Den här veckan är Eva Björck, Mats Granlund, Madeleine Sjöman och Frida Åström från CHILD-gruppen vid JU, samt CHILD-medlemmarna Lena Almqvist (Mälardalens högskola), och Alecia Samuels (University of Pretoria) på ett internationellt arbetsseminarium vid Vanderbilt University, Nashville, USA, för att tillsammans med forskningspartners från fem länder, arbeta med och jämföra förskoleobservationer. Här berättar doktorand Frida Åström;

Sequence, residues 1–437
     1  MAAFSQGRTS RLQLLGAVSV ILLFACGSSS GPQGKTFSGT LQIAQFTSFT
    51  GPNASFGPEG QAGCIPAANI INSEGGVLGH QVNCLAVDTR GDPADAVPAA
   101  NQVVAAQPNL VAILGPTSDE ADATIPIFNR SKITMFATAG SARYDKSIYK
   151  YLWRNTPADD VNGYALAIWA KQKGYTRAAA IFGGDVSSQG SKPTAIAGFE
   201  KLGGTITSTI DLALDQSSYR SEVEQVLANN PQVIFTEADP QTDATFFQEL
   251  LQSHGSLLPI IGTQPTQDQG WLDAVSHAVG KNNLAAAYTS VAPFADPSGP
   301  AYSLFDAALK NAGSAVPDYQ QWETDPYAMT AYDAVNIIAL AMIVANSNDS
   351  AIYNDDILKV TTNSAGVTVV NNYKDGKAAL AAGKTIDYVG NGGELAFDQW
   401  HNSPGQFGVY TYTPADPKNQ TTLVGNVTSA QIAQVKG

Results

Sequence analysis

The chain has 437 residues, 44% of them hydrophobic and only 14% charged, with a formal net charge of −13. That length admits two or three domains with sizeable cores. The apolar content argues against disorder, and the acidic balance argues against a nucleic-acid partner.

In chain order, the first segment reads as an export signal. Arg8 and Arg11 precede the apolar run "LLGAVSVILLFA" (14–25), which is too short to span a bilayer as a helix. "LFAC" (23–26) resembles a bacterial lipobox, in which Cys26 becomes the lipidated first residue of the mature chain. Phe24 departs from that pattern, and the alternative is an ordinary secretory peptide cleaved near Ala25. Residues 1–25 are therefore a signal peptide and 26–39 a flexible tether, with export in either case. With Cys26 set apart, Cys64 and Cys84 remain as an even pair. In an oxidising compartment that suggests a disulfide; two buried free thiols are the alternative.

This Saturday, Eva Björck, Mats Granlund, Madeleine Sjöman, and Frida Åström from the CHILD research environment at JU, and CHILD members Lena Almqvist (Mälardalen University), and Alecia Samuels (University of Pretoria) leave for Vanderbilt University, Nashville, USA, for a three-day international convening on preschool observations. The convening is a continuation of ongoing international collaborations within the CHILD research project on Children’s Participation in Preschool International (PEPI), funded by the Swedish Research Council. The convention was set in motion because of the International Conference on Participation and Engagement in Young Children in Need of Special Support, held at JU in November 2017, and a total of five countries are represented; Sweden, USA, South Africa, Portugal, and Taiwan. The aim of the convening is to share statistical knowledge on preschool observational data, collected with the instruments “Child Observation in Preschool” (COP) and “Teacher Observations in Preschool “(TOP), developed by the Peabody Research Institute at Vanderbilt University. The aim is also to brainstorm research questions that can be addressed across countries, using data from COP and TOP, and to start analyses of data. Performing analyses across countries are interesting, because preschool environments differ a lot across countries, e.g., in terms of inclusive practices, time spent outside, time spent in play activities, and teacher-child ratio, which makes it possible to study impacts of preschool environments on children’s participation. Hopefully, this convening will result in new research findings that could not have been pursued by either country alone.